Do not stop taking apixaban unless directed by your doctor. If you stop taking this medication early, you have a higher risk of forming a serious blood clot (such as a stroke, blood clot in the legs/lungs). Your doctor may direct you to take a different "blood thinning" or antiplatelet medication to reduce your risk. Get medical help right away if you have weakness on one side of the body, trouble speaking, sudden vision changes, confusion, chest pain, trouble breathing, pain/warmth/swelling in the legs.
People taking this medication may bleed near the spinal cord after certain spinal procedures. Bleeding in this area can cause paralysis that lasts a long time or could become permanent. Ask your doctor about the benefits and risks before any spinal procedure. The risk of bleeding may be higher if you have a deformed spine, or have had spinal procedures/surgery before (such as epidural catheter placement, difficult epidural/spinal puncture), or are taking other drugs that can cause bleeding/bruising (including antiplatelet drugs such as clopidogrel, "blood thinners" such as warfarin/enoxaparin, nonsteroidal anti-inflammatory drugs-NSAIDs such as ibuprofen). Tell your doctor right away if you notice symptoms such as back pain, leg numbness/tingling/weakness, loss of control of the bowels or bladder (incontinence).
Apixaban is used to prevent serious blood clots from forming due to a certain irregular heartbeat (atrial fibrillation) or after hip/knee replacement surgery. With atrial fibrillation, part of the heart does not beat the way it should. This can lead to blood clots forming, which can travel to other parts of your body (such as the lungs or legs) or increase your risk for stroke. In the United States, apixaban is also approved to treat certain types of blood clots (deep vein thrombosis-DVT, pulmonary embolus-PE) and to prevent them from forming again.
Apixaban is an anticoagulant that works by blocking certain clotting proteins in your blood.
See also Warning section.
Read the Medication Guide and, if available, the Patient Information Leaflet provided by your pharmacist before you start taking apixaban and each time you get a refill. If you have any questions, ask your doctor or pharmacist.
Take this medication by mouth with or without food as directed by your doctor, usually twice daily (every 12 hours). If you cannot swallow the tablet whole, you may crush the tablet and mix with water, apple juice, or applesauce and take it right away.
The dosage is based on your medical condition, age, weight, kidney function, response to treatment, and other medications you may be taking. Be sure to tell your doctor and pharmacist about all the products you use (including prescription drugs, nonprescription drugs, and herbal products). If you are taking apixaban to prevent blood clots from forming after surgery, the length of treatment is based on the type of surgery that you had.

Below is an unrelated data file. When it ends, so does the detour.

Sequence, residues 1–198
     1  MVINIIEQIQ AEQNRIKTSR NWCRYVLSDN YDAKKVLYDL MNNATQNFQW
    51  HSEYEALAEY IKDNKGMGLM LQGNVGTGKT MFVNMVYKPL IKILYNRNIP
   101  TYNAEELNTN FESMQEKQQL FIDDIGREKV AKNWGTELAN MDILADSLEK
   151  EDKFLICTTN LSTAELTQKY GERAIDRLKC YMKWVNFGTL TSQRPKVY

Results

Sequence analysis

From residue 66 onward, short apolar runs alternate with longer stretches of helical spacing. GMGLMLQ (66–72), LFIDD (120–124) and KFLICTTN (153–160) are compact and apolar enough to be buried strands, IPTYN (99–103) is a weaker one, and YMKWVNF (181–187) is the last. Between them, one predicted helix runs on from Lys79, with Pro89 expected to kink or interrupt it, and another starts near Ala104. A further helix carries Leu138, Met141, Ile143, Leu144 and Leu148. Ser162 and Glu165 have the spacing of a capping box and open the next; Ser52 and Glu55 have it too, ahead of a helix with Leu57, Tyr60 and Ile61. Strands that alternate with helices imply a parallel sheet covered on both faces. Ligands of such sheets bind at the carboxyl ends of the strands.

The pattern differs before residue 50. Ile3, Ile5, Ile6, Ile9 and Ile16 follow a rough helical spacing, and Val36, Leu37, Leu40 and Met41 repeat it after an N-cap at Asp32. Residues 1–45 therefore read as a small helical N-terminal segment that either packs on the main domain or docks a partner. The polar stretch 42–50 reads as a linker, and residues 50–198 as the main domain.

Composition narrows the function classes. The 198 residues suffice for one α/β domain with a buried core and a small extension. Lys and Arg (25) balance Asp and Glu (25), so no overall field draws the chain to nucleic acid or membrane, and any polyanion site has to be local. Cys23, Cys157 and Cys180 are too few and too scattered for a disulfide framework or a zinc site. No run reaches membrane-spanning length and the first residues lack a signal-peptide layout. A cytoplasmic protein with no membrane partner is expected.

Do not stop taking this medication without consulting your doctor. Some conditions may become worse when this drug is suddenly stopped. Do not run out of this medication. Order your refills early to avoid running out of pills.
Use this medication regularly to get the most benefit from it. To help you remember, take it at the same times each day.
See also Warning section.
Remember that your doctor has prescribed this medication because he or she has judged that the benefit to you is greater than the risk of side effects. Many people using this medication do not have serious side effects.
This medication can cause serious bleeding if it affects your blood clotting proteins too much. Tell your doctor right away if you have any signs of serious bleeding, including: unusual pain/swelling/discomfort, unusual bruising, prolonged bleeding from cuts or gums, persistent/frequent nosebleeds, unusually heavy/prolonged menstrual flow, pink/dark urine, coughing up blood, vomit that is bloody or looks like coffee grounds, severe headache, dizziness/fainting, unusual or persistent tiredness/weakness, bloody/black/tarry stools, difficulty swallowing.
Get medical help right away if you have any signs of very serious bleeding, including: vision changes, confusion, slurred speech, weakness on one side of the body.
A very serious allergic reaction to this drug is rare. However, get medical help right away if you notice any symptoms of a serious allergic reaction, including: rash, itching/swelling (especially of the face/tongue/throat), severe dizziness, trouble breathing.
This is not a complete list of possible side effects. If you notice other effects not listed above, contact your doctor or pharmacist.
In the US -
Call your doctor for medical advice about side effects. You may report side effects to FDA at 1-800-FDA-1088 or at www.fda.gov/medwatch.
In Canada - Call your doctor for medical advice about side effects. You may report side effects to Health Canada at 1-866-234-2345.
Before taking apixaban, tell your doctor or pharmacist if you are allergic to it; or if you have any other allergies. This product may contain inactive ingredients, which can cause allergic reactions or other problems. Talk to your pharmacist for more details.